What is desensitising?

This is the first in our Intelligent Horsemanship Groundwork Series. Aimed at teaching you the basics of moving your horses feet, gaining confidence and control as well as building a solid partnership with your horse.

This is a term bandied about in horsemanship circles quite a lot, along with the opposite term “to sensitise” your horse. The Dictionary definition is probably a good place to start.

Desensitise (verb)

Present participle: desensitising, desensitizing

  1. make less sensitive
  • free (someone) from a phobia or neurosis by gradually exposing them to the thing that is feared.

So what is desensitising when you are referring to horses?
Do you need to do it?
And if so how do you do it?

What & Why

RacehorsesFirst some basics – horses are prey animals, they have evolved to run first and ask questions later to avoid becoming dinner for a predator. As humans have intervened and bred specific types of horses we have bred in traits that make horses more useful to us eg. draft horses to pull plows for farming or race horses for sport. Along with the physical traits humans also want horses that are less spooky, but still responsive and are therefore safer to be around both on the ground and under saddle.

We have been quite successful in doing this and most of our domestic horses are now enjoyable companions, but we must remember their heritage and understand that a horse sees fearful objects as life threatening, they are not just trying to get out of work, or trying to put one over you when they react to a scary object.

Desensitising is something horses do naturally as a flight animal, it is a learned process enabling them to understand not to flee in the face of harmless objects, they would spend all their time and energy running and shying, not very efficient!

Our domestic horses live in our world and we have an obligation to ensure they can cope with the various situations and objects that they will come into contact with.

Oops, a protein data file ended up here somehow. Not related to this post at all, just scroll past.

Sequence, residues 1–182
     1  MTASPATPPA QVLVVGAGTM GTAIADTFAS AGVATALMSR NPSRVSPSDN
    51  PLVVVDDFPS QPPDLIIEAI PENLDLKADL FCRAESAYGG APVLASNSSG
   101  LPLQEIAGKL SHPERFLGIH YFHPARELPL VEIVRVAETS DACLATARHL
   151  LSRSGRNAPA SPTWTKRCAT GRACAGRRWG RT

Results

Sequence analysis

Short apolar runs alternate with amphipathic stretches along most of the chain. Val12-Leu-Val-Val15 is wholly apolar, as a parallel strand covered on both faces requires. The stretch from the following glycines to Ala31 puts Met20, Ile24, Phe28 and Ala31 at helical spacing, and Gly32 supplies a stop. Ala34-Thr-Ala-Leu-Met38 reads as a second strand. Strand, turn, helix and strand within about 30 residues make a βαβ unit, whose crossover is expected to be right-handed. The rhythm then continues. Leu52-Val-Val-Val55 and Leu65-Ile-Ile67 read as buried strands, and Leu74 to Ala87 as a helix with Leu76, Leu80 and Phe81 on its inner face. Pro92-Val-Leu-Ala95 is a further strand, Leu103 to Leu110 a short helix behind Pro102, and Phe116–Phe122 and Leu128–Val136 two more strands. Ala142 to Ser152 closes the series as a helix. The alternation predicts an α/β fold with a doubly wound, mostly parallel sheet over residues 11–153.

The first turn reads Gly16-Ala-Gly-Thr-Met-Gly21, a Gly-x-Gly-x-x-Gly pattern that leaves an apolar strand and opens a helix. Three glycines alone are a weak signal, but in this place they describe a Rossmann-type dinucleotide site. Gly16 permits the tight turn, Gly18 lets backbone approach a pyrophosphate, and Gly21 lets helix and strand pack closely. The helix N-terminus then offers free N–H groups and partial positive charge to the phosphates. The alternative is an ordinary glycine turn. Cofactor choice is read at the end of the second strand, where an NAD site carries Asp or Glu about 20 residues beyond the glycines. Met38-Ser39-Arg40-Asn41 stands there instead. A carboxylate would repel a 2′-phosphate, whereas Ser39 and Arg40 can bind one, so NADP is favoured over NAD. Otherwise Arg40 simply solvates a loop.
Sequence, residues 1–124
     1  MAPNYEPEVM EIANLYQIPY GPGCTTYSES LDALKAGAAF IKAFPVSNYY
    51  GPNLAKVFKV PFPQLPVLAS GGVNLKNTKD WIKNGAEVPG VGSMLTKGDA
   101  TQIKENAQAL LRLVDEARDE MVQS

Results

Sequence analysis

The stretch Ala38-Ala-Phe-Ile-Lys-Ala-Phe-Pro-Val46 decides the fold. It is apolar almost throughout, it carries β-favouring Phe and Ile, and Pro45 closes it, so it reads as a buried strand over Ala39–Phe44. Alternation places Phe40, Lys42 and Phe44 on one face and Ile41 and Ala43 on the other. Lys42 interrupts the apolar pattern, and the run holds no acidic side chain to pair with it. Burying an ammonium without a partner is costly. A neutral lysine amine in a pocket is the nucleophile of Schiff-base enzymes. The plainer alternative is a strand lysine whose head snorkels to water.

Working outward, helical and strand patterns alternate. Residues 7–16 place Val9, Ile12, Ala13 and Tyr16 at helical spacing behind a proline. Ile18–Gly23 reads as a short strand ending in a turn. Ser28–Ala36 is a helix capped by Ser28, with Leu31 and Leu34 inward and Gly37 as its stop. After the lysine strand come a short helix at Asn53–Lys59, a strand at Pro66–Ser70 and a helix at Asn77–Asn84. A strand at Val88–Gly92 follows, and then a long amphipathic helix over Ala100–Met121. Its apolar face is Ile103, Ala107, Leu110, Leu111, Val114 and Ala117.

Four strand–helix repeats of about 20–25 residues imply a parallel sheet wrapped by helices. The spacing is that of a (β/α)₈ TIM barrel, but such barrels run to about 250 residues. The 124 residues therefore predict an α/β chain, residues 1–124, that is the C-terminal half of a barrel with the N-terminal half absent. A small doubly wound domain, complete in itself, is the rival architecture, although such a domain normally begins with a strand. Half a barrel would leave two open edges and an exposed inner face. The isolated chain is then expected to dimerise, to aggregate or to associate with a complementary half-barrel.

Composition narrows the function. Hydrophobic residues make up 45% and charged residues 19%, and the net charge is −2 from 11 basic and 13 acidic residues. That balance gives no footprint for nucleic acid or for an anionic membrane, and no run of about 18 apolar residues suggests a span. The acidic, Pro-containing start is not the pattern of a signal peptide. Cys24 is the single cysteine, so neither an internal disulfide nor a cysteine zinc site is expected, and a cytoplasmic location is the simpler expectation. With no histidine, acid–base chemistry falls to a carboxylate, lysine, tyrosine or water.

We want our horses desensitised to dogs, traffic, plastic bags, rugs, other humans etc. the everyday things your horse might encounter in his yard or when out and about with you.

On the other hand we want our horses to be sensitised to our leg and rein aids and also pressure applied on the ground. One example is if you have ridden one of the old plodders at a trail riding centre you will understand riding a horse which is not sensitised to your legs results in a lot of kicking and not much action. Conversely we have all seen the Police Greys standing quietly while hooligans yell and scream and throw things, they are desensitised to the many different scenarios they may encounter in their work.

Fergus

How

There are quite a few ways you may read about which I believe have no place in desensitising horses such as flooding or systematic desensitising and I won’t go into them here as we will discuss the various ethical and effective ways you can create a calm partner.

Dr Andrew McLean provides the clearest direction I have read on how to desensitise properly and with the best results:
“Therefore to me it is clear: Do as little as possible to induce fear and as much as possible to remove it.”